48 Degrees North Articles

Center for Wooden boats – “Shavings” Articles 1983

Boating News – 1974

Boating News – 1990

Seattle Times Magazine – 2000

Argus 1979

Norm Blanchard Obituary – Seattle Times – 7/18/2009

Curry Costal PILOT, July 20,2002

“Bothildr” Brookings, OR. Bodil Chickinell, Owner

Seattle Times article by Peyton Whitley – November 3, 2004

Venerable sailboat in distress, but aging owners determined

When it comes to preserving its marine heritage, the Puget Sound region has a spotty record. There’s the old ferry Kalakala, the schooner Wawona moored on Seattle’s Lake Union, and even the Equator, made famous by writer Robert Louis Stevenson and now resting on the Everett waterfront, all of which have uncertain fates.

But those are big ships.A far-smaller piece of marine history sits under a ripped blue tarp next to Marysville’s new Ebey Slough Waterfront Park.The sailboat is a 24-foot-long Blanchard Senior Knockabout. Beginning in 1933, 97 of them were built at Blanchard Boat on Lake Union in Seattle.In an age when most people don’t tend to keep their cars or houses — and some don’t keep their spouses — beyond a few years, this particular Knockabout has had the same owners for nearly 40 years. They plan to restore it.

“It’s looked beautiful in the past, and it will again,” said Patricia Denny, 76, who owns the craft with her brother, 79-year-old Herb Denny.

She acknowledged that they face challenges besides mere rotting wood and tarnishing brass. “We’re old,” she explained.Even for someone a half-century younger, the hours of caulking, sanding and varnishing needed to make the 1947-vintage craft glisten would be daunting. Still intact on the forward cabin bulkhead are plaques bestowed by Seattle’s Corinthian Yacht Club in 1947 and 1948, noting how the boat, named the Schuss, won the Blanchard Summer Series and the Commodore’s Race.

Now the Schuss is a reminder of another age in Puget Sound history, a time before huge stadiums and pro sports, a time when people spent summer afternoons — or even entire vacations — sailing a small wooden boat with a tiny cabin and no heater.

Today, a 24-foot outboard can take its owners 40 miles away in an hour. Under sail or with maybe a 4-horsepower motor hung on its stern, a Knockabout might go four miles in one hour.

The Knockabout was the product of a company started by Norman Blanchard Sr. that traces its origins to 1905. The yard produced such famous craft as the Sir Tom, a 38-foot sloop that ruled West Coast sailing in the 1920s. The legendary Lake Union Dreamboats, family cruisers of the 1920s and 1930s, originated in the Blanchard yard.

In 2000, the Norm Blanchard Regatta was sponsored by Seattle’s Center for Wooden Boats, to honor the son of Norman Blanchard, who took over his father’s yard. He eventually sold it in 1969.In an oft-told story, the Blanchards took to building smaller boats such as Star-class sailboats during the Depression, as the market for expensive yachts waned. In 1933, some neighbors noticed one of the Stars and admired it but said they’d like it better with a cabin. The elder Blanchard right then decided to build an inexpensive sailboat with a cabin, using a Star keel and mast.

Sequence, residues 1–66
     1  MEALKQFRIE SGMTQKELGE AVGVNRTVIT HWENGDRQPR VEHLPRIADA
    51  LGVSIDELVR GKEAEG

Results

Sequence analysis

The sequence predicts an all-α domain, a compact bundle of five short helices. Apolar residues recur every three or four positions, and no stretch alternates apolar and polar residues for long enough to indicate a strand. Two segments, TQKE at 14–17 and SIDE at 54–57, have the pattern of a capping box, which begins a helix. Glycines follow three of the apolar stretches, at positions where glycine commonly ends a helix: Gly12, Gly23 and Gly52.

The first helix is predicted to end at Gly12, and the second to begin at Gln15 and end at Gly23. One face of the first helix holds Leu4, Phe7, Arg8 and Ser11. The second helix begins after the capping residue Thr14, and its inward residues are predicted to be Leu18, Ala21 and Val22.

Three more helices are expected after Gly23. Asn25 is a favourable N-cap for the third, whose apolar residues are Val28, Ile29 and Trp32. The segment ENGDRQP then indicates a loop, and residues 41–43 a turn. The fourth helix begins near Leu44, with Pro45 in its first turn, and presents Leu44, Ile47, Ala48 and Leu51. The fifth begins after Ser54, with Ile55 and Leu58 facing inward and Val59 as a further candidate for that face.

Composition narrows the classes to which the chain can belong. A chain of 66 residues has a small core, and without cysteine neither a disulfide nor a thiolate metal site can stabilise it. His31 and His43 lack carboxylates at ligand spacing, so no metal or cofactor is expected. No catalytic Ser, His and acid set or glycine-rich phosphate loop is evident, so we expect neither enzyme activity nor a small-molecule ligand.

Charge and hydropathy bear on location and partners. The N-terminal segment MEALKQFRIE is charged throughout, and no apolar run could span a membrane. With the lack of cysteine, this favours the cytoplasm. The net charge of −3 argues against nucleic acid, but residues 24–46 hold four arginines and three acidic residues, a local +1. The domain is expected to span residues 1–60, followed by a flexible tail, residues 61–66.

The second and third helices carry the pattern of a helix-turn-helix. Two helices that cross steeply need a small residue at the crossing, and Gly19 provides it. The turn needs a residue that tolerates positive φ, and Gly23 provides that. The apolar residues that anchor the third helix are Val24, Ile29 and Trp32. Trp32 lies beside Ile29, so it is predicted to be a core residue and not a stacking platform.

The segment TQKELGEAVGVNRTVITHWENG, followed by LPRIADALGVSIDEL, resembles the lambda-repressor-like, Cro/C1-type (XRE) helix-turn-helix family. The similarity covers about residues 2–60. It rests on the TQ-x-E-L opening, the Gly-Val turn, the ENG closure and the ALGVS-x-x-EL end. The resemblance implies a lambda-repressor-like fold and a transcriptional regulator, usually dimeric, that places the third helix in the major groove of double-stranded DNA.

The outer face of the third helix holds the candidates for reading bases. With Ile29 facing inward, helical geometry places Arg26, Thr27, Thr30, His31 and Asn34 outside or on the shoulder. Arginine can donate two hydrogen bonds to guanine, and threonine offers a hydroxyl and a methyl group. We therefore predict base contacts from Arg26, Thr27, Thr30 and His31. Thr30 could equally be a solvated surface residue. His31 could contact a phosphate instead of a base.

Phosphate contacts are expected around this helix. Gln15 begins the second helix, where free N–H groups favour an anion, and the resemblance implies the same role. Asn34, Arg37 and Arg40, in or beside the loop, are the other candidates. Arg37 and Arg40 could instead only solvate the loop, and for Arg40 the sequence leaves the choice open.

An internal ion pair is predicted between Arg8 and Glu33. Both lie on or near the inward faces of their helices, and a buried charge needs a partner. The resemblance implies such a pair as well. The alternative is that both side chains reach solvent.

The result was the Senior Knockabout. It sold for $750. The first versions were 24 feet long with a small boomkin, a V-shaped brace extending from the stern and supporting the backstay, a wire holding the mast. The Schuss is sail number B-41 and has such a boomkin. Later versions were lengthened to 26 feet, with the hull just ending at the transom.

For years, the bulk of the Senior Knockabout fleet sailed out of Leschi, on Lake Washington, where more than 30 of the craft were moored, although they’ve gradually been replaced by newer, mostly fiberglass craft. Patricia Denny, who says she’s no relation to the founders of Seattle, recalls that she and her brother bought the Schuss around 1966, at Leschi.The Dennys sailed the Schuss for years and moved it from one location to another, with friends in Steilacoom, Pierce County, using it for a while. The Dennys relocated to Juneau, Alaska, for work, although they kept an address in Everett, and hung on to the Schuss, moving the boat to Everett in about 1995 and later bringing it to Marysville.

But the Schuss began to deteriorate, and about a year ago, the seams in its hull opened in dry weather, and the boat sank at its Marysville moorings. The Dennys had the Schuss hauled out and put on a trailer. They started work on the hull but became distracted by a family illness that’s led them to spend much time in California.

A tarp was put over the Schuss, but fall winds blew it off. Nevertheless, the Dennys remain undeterred. “It’s been in the family so long, we want to restore it,” Patricia Denny said. “It’s a real relic. All the sails and stuff are there.”

The beauty shows up with a little squinting. Up close, the varnish is peeling, the deck canvas is disintegrating, and daylight shows through the hull. But restoring the Schuss would involve nowhere near the overwhelming amount of work involved in preserving such vessels as the 276-foot Kalakala or the 165-foot Wawona.

The new Ebey Slough Waterfront Park is expected to open next year, and if the Dennys are successful, a renewed Schuss might be visible next door.

Peyton Whitely: 206-464-2259 or [email protected]